The elements that managed this content are more akin to today’s IT-servers, coupled with station automation or traffic instruction/ playlist generators that make the decisions for upcoming and current playback to air. These IT-servers can now include branding elements, switching elements and other necessary system components such that essentially require only an Ethernet connection and an SDI output BNC (plus software) to interface to the remainder of the facility.


This brings us to the next dynamic of change; how content gets from origination to storage and out to playout. In the early days, video servers had integral and dedicated disk drives that needed Fibre Channel connectivity in order to support the bit rates and bandwidth requirements of a transmission system (including ingest, clip preparation, QC and playout).

As storage increased, more complex FC connections, switches and storage arrays were required. As the number of channels delivering or ingesting content increased, so did the number of drives, both for capacity and for bandwidth. Employing a SAN now became imperative, which escalated size, power, cooling and cost.

To maintain reliability, two sets of SANS with mirrored playout subsystems grew to necessity. Managing all these components eventually became more than one could handle so staff increased as did specific expertise in system administration, storage and video servers.

Moving forward, as network speeds increased beyond single gigabit dimensions, and enterprise-class hard drive technologies advanced, alternatives again began to surface that attempted to mitigate those issues identified in the previous paragraph.

Once again, the concept of an appliance (as a single dedicated device) began to appear in the form of “VTR-like” replacements. Video server manufacturers realized that a single chassis could contain sufficient input-output channels, plus storage and codec flexibility, to enable a selfcontained device to be the ingest and playout systems of a single channel with the expected reliability and performance of a mainstream video server architecture. And, at a respectable cost that incorporated modularity for repair, maintenance and upgrade capabilities, with these video server “appliances” now including networked, attached storage like their big brother counterparts.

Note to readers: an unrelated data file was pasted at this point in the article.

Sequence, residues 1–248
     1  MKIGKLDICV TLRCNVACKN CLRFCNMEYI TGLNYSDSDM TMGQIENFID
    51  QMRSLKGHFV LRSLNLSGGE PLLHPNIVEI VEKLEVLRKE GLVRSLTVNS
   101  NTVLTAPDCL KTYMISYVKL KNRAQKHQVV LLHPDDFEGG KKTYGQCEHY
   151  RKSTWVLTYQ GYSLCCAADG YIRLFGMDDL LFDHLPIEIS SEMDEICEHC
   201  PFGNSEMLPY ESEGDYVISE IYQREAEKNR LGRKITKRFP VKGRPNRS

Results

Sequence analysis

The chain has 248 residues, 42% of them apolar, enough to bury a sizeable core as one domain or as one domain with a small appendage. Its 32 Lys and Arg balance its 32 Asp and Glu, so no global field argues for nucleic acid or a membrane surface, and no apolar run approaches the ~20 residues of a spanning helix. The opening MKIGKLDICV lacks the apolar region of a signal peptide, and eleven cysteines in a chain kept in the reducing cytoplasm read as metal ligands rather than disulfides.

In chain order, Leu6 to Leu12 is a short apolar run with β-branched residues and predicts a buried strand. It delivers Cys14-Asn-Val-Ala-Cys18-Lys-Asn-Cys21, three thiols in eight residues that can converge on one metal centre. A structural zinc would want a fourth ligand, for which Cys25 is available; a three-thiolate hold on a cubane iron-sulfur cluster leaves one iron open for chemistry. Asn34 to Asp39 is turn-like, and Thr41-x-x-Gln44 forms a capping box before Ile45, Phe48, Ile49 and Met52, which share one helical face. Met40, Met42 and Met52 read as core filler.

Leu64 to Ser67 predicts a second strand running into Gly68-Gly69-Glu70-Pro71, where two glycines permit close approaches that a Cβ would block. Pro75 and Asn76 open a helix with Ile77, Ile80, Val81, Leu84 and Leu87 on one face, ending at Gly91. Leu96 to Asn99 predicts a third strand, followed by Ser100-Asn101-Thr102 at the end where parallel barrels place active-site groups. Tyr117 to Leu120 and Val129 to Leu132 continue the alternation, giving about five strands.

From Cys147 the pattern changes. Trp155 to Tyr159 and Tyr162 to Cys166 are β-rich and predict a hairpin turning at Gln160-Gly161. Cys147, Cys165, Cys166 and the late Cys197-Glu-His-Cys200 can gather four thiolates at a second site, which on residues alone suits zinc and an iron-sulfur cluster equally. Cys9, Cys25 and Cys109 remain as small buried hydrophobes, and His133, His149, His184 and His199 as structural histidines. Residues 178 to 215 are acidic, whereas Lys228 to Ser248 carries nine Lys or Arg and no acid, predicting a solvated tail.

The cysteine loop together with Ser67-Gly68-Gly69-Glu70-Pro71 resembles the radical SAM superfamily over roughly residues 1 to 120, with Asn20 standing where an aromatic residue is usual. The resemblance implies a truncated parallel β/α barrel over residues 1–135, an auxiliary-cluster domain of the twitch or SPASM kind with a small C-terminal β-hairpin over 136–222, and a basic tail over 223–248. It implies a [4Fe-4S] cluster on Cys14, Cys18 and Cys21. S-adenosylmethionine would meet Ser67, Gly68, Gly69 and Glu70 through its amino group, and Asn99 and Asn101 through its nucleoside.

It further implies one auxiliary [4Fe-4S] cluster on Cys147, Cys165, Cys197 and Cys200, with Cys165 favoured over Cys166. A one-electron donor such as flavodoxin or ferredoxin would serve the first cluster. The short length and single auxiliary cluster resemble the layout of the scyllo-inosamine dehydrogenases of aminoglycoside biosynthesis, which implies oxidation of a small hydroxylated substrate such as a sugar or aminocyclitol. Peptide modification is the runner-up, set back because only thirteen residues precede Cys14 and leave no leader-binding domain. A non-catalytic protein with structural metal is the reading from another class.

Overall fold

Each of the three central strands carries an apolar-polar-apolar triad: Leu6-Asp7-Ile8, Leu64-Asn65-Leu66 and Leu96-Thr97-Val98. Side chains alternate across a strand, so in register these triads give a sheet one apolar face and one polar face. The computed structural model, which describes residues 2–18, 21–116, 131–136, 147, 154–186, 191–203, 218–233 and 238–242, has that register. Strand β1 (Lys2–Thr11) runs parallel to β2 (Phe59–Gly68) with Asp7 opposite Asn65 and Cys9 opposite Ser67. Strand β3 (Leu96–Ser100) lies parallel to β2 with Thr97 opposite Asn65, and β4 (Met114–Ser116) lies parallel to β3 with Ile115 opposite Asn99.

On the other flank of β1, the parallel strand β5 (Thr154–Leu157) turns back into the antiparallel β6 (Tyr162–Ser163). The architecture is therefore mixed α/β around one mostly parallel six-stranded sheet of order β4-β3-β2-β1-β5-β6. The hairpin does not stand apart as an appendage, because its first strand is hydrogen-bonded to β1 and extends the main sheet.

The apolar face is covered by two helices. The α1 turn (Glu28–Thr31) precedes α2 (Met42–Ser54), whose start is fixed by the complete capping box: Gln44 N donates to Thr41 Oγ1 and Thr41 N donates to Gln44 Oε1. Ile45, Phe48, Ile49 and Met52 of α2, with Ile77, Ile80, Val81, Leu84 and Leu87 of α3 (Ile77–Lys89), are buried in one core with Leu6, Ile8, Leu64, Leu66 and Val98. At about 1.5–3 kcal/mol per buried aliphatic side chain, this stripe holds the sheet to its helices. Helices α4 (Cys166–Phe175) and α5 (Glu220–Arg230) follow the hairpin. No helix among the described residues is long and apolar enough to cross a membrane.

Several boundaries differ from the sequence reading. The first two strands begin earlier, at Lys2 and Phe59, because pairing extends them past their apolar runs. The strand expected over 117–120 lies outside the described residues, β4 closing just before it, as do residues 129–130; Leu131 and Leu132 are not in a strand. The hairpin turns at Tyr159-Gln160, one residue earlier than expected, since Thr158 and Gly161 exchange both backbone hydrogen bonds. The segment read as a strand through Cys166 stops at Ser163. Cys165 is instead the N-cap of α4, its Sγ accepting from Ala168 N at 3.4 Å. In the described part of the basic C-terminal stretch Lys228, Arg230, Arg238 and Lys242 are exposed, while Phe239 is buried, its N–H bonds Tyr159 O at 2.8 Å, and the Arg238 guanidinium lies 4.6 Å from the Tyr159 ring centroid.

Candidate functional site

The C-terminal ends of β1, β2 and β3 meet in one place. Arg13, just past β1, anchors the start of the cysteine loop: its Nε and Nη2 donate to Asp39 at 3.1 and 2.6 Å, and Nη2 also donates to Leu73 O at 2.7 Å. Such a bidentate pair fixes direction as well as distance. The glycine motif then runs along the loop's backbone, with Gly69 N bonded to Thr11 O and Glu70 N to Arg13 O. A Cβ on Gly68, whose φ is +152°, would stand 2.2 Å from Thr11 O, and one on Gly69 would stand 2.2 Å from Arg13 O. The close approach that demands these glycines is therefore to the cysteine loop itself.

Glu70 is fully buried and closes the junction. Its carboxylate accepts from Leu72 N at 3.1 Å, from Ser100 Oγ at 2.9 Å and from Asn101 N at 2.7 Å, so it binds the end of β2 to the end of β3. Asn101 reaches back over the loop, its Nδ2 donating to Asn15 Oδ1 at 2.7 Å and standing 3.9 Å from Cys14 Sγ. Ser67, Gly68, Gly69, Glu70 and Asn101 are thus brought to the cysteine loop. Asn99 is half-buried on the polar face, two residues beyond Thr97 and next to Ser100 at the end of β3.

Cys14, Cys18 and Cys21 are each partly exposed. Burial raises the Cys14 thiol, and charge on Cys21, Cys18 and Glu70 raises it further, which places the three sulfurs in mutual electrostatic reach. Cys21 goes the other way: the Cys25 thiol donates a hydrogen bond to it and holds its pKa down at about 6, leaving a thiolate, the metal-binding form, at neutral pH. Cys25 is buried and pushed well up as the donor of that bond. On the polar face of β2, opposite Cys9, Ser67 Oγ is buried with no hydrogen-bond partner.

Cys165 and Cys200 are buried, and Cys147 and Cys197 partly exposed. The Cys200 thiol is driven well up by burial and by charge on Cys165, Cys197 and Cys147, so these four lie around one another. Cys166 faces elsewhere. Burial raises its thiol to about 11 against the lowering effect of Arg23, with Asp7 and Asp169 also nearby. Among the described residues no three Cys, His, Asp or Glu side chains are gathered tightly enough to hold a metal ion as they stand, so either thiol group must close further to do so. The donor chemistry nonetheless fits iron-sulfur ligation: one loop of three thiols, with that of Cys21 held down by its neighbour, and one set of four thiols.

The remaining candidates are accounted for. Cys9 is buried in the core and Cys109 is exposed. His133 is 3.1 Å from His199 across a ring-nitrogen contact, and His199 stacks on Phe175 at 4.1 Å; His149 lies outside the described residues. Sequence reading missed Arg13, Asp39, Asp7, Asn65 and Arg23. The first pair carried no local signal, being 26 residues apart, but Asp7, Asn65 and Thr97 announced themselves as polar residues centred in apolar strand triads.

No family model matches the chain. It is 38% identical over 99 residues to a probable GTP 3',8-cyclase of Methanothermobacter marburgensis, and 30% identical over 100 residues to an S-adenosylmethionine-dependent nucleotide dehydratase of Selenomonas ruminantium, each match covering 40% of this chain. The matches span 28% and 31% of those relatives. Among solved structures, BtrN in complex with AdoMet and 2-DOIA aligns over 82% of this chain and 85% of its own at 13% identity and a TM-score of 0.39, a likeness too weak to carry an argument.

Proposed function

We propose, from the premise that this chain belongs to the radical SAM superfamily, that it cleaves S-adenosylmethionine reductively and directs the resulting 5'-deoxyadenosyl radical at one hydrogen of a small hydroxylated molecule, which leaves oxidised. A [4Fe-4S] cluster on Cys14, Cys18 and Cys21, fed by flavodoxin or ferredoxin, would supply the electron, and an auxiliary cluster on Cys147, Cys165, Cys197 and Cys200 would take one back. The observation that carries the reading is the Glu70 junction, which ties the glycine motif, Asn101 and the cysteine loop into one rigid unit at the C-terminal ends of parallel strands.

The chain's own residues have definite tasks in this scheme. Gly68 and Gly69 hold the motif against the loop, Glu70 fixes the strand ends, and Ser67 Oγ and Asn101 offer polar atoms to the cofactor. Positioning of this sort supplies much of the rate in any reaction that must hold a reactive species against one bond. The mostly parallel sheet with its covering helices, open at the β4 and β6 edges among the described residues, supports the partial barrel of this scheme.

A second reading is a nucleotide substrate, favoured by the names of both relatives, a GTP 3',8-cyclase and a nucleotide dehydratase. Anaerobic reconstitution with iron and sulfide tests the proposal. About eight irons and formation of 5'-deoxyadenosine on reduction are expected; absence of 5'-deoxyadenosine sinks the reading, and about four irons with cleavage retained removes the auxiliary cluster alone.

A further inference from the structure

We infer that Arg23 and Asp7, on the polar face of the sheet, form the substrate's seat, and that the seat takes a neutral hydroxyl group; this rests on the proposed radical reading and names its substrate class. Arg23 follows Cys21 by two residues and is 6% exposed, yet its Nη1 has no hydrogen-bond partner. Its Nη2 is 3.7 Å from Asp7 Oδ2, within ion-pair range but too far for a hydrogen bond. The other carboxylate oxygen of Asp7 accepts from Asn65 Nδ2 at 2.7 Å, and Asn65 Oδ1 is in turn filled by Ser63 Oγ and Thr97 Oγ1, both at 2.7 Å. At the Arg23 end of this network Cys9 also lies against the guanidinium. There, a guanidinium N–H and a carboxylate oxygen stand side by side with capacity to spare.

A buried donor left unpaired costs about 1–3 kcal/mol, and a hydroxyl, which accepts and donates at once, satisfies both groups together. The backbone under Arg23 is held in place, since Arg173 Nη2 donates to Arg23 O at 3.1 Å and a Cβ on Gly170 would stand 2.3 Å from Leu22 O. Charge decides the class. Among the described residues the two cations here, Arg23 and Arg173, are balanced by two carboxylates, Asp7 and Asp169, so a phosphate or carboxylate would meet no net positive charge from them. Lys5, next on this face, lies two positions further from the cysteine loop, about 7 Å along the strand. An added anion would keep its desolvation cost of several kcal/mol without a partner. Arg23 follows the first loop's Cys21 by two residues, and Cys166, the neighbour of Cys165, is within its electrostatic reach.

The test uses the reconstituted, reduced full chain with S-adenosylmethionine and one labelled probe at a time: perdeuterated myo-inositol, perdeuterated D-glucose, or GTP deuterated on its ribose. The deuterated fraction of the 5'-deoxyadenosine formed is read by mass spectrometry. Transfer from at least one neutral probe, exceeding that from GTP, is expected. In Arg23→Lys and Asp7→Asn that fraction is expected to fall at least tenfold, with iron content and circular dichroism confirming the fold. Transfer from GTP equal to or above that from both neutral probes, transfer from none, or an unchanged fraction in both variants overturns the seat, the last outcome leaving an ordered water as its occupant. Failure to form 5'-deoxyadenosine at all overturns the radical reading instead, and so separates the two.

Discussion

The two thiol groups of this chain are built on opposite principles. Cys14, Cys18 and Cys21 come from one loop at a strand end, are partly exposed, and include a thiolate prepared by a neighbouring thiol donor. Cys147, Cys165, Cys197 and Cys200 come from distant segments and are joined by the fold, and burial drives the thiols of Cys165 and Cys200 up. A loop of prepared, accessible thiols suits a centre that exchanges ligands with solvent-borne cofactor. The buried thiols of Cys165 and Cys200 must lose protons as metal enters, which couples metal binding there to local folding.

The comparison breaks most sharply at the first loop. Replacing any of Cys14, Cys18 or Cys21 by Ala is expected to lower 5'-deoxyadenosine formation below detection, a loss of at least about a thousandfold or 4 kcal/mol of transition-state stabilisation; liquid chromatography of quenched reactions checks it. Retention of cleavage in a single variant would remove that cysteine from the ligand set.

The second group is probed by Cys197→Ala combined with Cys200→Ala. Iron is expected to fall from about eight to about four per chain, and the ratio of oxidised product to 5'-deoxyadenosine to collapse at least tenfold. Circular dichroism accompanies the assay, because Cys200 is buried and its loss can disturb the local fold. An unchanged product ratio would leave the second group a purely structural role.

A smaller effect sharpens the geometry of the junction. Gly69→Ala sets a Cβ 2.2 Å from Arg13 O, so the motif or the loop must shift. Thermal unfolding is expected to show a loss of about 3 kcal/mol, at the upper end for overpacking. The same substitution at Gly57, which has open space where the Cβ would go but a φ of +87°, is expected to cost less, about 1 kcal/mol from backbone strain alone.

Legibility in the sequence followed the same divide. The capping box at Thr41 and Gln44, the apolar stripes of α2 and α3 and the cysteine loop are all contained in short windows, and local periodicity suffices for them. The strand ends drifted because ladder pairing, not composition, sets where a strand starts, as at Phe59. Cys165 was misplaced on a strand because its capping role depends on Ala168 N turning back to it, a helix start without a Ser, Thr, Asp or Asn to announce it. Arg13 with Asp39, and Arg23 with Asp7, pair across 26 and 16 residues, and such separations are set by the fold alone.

Just as video servers have evolved, so has the content management and storage environment. Moving from SD to HD threw challenges at the marketplace, especially for the storage systems that now had to support four to six times the capacity and two to three times the I/O bandwidth.

Fortunately, storage technologies and capacities increased (with costs decreasing) faster than video codec and video server technologies did. This allowed manufacturers and users to benefit from the new HD requirements without the paralyzing effects witnessed at the dawn of the digital broadcast transition.

Today, we’re witnessing new compression formats that augment those same storage and delivery issues.

The added requirements of long-term preservation—protection, archive, legal and interchange—have again altered the dynamics of the video storage environment. The biggest changes we expect to see in the upcoming few years are in this arena. As users employ (LTO) tape to offline store content, they will face additional challenges such as format migration and media protection against degradation.

Decisions on what to keep, where to keep it and for how long will become monstrous tasks, if not already. And this is only the tip of the iceberg—the metadata dirty word still has yet to be effectively addressed from a universal, interoperable perspective.

So we’ll end here with that takeaway thought about our industry’s evolution.

Karl Paulsen, CPBE and SMPTE Fellow, is the CTO at Diversified Systems. Read more about other storage topics in his current book “Moving Media Storage Technologies.” Contact Karl